Carol Williams: Feeling blue in a red state (Opinion)

Carol Williams (new)

Carol Williams

No, “Lonely in West Virginia” is not my Tinder profile name. Rather, that’s how I feel about being a minority here — not in language, culture or skin color, but by my political label.

I’m admittedly a Blue citizen in a Red state, county and country. Republicans have near-total control of the three branches of the federal government, plus most of the states. But from the tone of the editorial pages, political cartoons, the comments and the online comments to the comments, they sound like sore losers.

Why so cranky? They won this fight. This is a time when they should be celebrating their momentum, not complaining that there are still people in this country who disagree with them. When is total control sufficiently total to make them satisfied? Is it when there is no dissent, no opposition party, no commentary, no investigations and no news sources other than Fox?

Here in West Virginia, there are no inner-city ghettos to “slum-shame,” no immigrant communities to repel, no Muslim cells to fear. It’s the world some say could prove the superiority of a native-born Christian, Caucasian population. But rather than being surrounded by their joy, I only see their daily ribald ridicule of “leftist socialist” politicians, writers, speakers, policymakers and academics who care about the environment, health care, national security, the inequality of income and the challenge of educating children.

And when a fault or a failure is highlighted in places like Baltimore, Chicago or the entire state of California, it seems a joyous holiday for Republicans. Perhaps, given the high rates of divorce, drug abuse and unemployment in West Virginia, it’s nice to have someone else to “kick around,” as Richard Nixon would say.

And “socialism” seems to be the new buzzword for “enemy of the state.” But which state?

A lot has been written about the anger, resentment and sense of abandonment of the “flyover” country; rural areas outside the big cities where the “elites” rule, purloining the taxes of the working poor, siphoning money off to their public transit systems and their exclusive institutions. But it is just the opposite that is true: The taxes from the wealthier big-city blue states contribute to the welfare of West Virginia, literally. That’s the definition of a socialistic policy.

Rather than see socialism as a generic word that represents the sharing of resources to solve shared problems, Republicans are misdirecting their scorn. Surely they meant instead to malign the “socialists” of the National Socialist Movement, named in solidarity with the bygone 19th Century National Socialist German Workers Party. The American version is the largest of nearly 30 neo-Nazi organizations in the United States, an Aryan Brotherhood that represents the sharing of hate — something that unfortunately is also a shared problem.

Instead of a caricature of a loopy adolescent activist being force-fed socialism through a funnel to her head with ideas that, to many, represent life-saving actions, a more apt image would be of a gun-toting Brownshirted white-supremacist being brainwashed through a funnel to his head by “national socialist” ideas that, to most, represent life-ending actions.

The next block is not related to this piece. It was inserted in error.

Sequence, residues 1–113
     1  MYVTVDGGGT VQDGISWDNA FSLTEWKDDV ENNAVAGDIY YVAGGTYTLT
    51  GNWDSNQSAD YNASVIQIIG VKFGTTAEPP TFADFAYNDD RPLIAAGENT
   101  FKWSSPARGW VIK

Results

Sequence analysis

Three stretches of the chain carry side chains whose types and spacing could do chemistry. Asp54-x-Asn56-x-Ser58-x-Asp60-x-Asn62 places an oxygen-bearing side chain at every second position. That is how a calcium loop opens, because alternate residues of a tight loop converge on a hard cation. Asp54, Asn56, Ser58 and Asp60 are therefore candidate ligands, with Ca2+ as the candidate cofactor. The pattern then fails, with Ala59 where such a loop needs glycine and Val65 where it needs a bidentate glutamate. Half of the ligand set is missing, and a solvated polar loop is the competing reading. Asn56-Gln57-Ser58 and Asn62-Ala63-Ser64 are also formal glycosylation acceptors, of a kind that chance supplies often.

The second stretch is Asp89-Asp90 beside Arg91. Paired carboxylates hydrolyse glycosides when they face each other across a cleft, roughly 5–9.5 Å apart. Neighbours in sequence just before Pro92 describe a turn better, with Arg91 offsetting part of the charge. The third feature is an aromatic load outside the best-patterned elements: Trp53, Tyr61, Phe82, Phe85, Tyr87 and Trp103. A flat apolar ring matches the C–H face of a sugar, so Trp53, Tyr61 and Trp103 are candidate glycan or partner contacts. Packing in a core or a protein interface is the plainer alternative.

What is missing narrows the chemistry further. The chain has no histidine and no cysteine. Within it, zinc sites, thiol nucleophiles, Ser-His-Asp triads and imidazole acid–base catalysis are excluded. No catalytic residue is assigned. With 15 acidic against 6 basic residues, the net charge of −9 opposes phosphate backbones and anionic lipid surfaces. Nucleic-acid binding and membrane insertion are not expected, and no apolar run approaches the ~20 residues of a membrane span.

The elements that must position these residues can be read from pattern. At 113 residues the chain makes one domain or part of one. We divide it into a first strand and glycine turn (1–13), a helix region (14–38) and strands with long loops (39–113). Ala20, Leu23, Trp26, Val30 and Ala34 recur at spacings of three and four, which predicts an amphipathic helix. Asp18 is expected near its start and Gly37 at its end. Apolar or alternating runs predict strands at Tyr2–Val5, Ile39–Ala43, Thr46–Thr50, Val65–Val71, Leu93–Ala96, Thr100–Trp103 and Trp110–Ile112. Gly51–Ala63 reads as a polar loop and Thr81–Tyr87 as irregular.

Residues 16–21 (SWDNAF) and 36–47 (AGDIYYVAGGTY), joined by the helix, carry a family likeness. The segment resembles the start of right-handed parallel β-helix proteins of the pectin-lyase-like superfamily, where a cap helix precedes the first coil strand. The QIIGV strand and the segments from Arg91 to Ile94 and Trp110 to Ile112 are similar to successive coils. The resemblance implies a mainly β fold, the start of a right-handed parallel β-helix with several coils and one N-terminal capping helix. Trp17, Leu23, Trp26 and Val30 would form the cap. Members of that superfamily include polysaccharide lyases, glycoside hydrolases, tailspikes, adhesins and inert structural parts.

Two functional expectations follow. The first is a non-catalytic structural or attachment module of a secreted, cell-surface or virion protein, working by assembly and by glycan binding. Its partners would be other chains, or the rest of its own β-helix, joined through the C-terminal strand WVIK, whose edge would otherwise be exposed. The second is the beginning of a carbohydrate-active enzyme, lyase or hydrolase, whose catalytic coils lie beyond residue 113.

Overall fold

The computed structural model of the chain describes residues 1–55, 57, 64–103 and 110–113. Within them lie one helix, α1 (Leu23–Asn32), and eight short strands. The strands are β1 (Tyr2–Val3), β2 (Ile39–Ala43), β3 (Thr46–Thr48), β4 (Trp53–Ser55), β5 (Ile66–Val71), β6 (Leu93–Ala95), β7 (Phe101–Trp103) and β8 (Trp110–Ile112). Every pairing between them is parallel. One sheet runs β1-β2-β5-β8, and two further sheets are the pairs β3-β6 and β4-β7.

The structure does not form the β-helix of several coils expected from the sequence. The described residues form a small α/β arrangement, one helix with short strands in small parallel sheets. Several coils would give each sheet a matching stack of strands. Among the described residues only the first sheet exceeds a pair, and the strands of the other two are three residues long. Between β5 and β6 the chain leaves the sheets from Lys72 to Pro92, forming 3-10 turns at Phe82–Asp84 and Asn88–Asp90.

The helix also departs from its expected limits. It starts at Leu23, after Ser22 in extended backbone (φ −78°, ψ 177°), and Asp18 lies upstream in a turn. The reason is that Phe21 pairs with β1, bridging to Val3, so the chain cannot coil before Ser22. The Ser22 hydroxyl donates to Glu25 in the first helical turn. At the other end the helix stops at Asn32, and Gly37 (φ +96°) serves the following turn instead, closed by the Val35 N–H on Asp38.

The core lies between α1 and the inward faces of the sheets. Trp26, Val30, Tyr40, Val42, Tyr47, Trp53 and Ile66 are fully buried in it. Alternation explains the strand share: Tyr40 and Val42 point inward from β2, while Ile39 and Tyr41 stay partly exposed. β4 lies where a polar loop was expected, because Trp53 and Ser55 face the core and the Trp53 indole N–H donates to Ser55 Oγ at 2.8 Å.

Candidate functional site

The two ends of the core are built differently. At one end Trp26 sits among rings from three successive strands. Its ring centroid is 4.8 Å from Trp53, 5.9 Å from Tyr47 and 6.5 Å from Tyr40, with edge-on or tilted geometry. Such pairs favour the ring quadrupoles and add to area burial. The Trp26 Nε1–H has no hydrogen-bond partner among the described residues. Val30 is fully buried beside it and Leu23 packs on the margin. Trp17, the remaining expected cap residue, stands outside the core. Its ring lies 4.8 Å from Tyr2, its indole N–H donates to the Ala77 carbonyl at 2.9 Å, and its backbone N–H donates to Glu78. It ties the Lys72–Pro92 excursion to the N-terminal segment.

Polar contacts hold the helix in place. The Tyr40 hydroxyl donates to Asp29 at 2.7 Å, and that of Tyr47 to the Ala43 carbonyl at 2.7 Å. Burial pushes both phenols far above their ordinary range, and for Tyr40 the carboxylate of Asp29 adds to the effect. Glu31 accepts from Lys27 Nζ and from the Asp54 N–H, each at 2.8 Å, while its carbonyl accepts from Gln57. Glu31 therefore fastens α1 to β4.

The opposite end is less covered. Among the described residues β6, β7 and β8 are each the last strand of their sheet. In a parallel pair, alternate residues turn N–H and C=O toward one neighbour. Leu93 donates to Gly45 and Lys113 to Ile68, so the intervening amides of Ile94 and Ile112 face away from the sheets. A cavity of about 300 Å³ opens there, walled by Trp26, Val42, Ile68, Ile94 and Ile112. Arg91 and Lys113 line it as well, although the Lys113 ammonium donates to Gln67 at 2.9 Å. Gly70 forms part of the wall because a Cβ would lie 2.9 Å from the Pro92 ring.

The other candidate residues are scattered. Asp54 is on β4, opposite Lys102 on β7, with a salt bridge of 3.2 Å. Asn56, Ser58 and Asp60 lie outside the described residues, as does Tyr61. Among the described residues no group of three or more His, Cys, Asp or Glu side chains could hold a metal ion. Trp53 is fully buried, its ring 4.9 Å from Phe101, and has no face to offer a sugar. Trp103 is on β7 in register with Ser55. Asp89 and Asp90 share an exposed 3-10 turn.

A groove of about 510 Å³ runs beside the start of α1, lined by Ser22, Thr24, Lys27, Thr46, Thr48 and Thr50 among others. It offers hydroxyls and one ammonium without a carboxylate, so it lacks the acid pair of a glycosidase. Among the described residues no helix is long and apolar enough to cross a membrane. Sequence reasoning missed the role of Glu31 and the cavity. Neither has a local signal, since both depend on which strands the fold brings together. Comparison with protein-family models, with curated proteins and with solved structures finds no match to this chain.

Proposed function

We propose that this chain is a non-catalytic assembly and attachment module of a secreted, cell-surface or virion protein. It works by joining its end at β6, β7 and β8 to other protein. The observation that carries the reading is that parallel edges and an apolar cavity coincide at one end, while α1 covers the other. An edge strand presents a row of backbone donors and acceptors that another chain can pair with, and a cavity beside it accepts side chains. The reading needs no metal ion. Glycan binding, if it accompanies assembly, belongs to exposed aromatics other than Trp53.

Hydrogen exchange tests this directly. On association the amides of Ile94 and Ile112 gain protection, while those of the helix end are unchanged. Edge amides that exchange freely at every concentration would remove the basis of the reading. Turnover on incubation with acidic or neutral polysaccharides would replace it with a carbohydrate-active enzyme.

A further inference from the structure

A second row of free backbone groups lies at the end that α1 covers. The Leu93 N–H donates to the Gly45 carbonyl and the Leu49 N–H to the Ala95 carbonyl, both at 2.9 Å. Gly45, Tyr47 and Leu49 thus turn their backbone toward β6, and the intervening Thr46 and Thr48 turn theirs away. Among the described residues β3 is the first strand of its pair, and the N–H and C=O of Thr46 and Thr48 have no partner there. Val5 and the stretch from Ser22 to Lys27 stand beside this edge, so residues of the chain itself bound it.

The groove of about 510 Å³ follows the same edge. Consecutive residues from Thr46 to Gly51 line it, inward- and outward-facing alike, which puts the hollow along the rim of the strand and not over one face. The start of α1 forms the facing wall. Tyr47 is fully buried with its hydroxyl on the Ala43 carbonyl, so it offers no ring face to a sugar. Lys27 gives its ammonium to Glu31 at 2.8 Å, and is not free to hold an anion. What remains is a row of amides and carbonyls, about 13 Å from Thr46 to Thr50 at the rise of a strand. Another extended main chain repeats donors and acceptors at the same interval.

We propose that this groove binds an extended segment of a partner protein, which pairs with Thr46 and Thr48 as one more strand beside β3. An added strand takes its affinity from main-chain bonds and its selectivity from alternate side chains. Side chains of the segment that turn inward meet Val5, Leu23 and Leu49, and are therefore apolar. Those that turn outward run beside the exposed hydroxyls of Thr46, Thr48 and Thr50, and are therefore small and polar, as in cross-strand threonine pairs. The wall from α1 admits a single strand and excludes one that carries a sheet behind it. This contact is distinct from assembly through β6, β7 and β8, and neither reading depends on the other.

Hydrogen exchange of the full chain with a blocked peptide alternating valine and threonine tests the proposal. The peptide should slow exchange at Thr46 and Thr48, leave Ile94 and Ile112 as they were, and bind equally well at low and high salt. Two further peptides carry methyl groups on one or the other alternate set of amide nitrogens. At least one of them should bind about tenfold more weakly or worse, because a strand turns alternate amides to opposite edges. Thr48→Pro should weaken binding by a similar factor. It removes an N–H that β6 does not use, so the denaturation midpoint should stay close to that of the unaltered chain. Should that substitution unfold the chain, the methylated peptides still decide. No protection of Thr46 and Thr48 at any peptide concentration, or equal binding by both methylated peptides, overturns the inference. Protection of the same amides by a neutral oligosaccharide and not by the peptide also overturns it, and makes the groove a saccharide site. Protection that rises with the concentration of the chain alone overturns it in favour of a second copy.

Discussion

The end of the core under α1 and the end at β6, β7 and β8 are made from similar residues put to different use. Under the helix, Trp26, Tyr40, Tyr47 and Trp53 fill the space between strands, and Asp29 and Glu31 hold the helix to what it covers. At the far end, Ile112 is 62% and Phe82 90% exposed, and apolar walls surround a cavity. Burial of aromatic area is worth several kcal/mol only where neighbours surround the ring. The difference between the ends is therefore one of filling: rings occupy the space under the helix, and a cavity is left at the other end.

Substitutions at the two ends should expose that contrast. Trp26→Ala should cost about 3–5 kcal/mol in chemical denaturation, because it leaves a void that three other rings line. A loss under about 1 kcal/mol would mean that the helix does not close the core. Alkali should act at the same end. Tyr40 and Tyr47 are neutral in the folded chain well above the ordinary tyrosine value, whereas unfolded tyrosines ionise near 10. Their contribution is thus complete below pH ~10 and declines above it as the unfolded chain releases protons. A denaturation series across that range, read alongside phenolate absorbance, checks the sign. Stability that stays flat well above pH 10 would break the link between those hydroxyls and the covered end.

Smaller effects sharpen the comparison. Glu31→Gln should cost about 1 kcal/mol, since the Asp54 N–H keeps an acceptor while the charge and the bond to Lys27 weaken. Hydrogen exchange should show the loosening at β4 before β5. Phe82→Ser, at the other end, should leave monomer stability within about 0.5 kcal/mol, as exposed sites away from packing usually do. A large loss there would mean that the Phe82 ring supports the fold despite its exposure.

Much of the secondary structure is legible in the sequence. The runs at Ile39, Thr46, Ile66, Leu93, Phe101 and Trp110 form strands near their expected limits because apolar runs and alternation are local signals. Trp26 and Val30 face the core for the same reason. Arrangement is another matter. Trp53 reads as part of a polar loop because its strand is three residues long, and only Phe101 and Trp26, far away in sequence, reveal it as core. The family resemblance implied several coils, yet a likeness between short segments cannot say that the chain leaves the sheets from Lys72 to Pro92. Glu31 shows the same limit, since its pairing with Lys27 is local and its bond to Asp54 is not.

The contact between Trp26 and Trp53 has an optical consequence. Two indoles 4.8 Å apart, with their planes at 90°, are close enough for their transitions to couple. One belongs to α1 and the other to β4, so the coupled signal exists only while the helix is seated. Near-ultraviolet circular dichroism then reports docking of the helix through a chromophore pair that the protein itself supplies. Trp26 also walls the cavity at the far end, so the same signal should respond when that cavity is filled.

Surely, the latter is the socialism that is the enemy of any state — not the socialism of Bernie Sanders or progressive Democrats. But I can understand how easy it is to get the two mixed up: American socialists are consistently condemned by the Republican Party, but the “National Socialists Movement” includes some “very fine people.”

The Republican Party, now known as Trump’s Base, has won this country, and that’s not going to change, no matter who is in power. It’s a lot harder to be in charge, especially if that means being less resentful and less angry than they were before 2016. In the meantime, I’d love to see a logical, respectful rebuttal to the proposals being ridiculed as “insane.” I’m thankful some of those ideas proposed by several of the Democratic candidates are unlikely to become law. But then, no one here has ever asked me about that. They just assume that I’m a liberal, whatever that is.

It’s a desolate place being adrift on the “left” side of the paper, as some have reported my whereabouts to be. I’d pick up and go somewhere else, but, so far, no one else will have me. Even with our differences, I’d hoped we were all in this together, but, as it turns out, I’m just lonely in West Virginia.

So, log in, and let the mocking begin.

Carol Williams, of Berkeley County,

is a U.S. Army veteran, former E.R. nurse

and writes a bi-monthly column

for The Martinsburg Journal.

Funerals for Tuesday, October 15, 2019

Dotson, Jeffery - 7 p.m., Good Shepherd Mortuary, South Charleston.

Kees, Nancy - 11 a.m., Salem Road Freewill Baptist Church, Oak Hill.

Payne, Arless - 5 p.m., Taylor-Vandale Funeral Home, Spencer.

Taylor, Connie - 11 a.m., Memory Gardens, Low Gap.

Taylor, Joseph - 11 a.m., Gauley Bridge Baptist Church.

Williams, Nellie - 1 p.m., Pineview Cemetery, Orgas.

Yates, Ruth - 11:30 a.m., Sunset Memorial Park Mausoleum, South Charleston.